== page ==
Refers to Douaud, G. et al. SARS-CoV-2 is associated with changes in brain structure in UK Biobank. Nature (2022).

MRI findings associated with neurological complications of SARS-CoV-2 infection have been well documented in patients who have been admitted to hospital with severe COVID-19. However, most published series have lacked premorbid imaging and have included few patients with mild or subclinical forms of the infection. Recent work published in Nature by Douaud et al.1 fills this important knowledge gap through analysis of brain images taken before and after SARS-CoV-2 infection in patients who experienced mostly mild illness. The results have raised concern, but their full implications remain to be seen.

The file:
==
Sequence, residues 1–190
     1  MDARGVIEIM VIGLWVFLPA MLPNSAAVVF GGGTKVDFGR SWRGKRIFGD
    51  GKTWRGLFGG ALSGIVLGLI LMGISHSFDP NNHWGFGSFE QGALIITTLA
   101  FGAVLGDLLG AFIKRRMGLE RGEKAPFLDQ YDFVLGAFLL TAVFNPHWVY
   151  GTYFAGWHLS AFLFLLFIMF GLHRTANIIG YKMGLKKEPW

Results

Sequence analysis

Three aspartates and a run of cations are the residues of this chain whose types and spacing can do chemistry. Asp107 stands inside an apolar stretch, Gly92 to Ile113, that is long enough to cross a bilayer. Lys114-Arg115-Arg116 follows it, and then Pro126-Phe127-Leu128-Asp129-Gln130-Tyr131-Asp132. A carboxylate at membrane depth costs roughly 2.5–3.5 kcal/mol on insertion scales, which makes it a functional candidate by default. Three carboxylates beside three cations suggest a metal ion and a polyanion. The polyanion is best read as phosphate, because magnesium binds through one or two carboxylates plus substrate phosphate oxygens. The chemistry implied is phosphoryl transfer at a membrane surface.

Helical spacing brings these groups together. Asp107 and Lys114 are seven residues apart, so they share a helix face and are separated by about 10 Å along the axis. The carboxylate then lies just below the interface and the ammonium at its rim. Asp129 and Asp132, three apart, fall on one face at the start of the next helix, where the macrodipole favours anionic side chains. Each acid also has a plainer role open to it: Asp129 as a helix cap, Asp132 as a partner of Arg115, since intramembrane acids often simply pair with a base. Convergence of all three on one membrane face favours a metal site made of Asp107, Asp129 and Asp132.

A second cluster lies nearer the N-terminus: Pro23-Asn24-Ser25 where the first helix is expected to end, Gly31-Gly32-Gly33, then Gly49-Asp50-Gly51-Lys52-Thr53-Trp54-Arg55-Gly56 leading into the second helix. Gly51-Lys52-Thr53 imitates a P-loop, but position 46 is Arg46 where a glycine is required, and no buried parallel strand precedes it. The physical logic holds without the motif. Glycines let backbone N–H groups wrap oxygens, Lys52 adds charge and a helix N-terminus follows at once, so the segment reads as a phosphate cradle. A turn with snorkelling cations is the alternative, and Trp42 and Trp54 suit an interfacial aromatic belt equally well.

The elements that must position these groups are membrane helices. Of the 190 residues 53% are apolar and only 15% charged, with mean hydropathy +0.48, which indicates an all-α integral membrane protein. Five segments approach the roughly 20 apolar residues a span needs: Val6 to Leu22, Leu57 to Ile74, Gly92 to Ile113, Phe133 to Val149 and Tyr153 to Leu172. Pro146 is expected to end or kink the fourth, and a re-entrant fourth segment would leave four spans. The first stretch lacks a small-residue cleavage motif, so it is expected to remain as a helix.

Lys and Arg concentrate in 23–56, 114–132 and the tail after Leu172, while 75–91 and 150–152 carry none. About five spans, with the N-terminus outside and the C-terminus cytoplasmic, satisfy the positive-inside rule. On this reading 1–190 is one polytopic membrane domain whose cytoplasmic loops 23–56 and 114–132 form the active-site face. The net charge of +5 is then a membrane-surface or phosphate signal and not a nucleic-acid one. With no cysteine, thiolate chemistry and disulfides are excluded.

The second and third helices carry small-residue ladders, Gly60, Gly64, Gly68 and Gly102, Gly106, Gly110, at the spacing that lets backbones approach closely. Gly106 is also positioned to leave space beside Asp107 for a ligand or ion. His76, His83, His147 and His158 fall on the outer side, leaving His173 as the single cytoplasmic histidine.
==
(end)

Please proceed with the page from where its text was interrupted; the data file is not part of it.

Douaud et al.1 analysed longitudinal MRI and neuropsychological data from a total of 785 participants in the UK Biobank. All participants had undergone standardized MRI twice, with an average gap of 3.2 years, as part of the UK Biobank study. However, during the time between MRI procedures, 401 individuals had tested positive for SARS-CoV-2 infection and 384 individuals had not. Consequently, images from before and after SARS-CoV-2 infection were available for all individuals who tested positive, and images from individuals who had not tested positive provided control data. The vast majority (96%) of individuals who tested positive for SARS-CoV-2 did not require hospitalization, and of 15 patients who were hospitalized, only two were admitted to an intensive care unit. Therefore, the study was essentially of the effects of mild SARS-CoV-2 infection.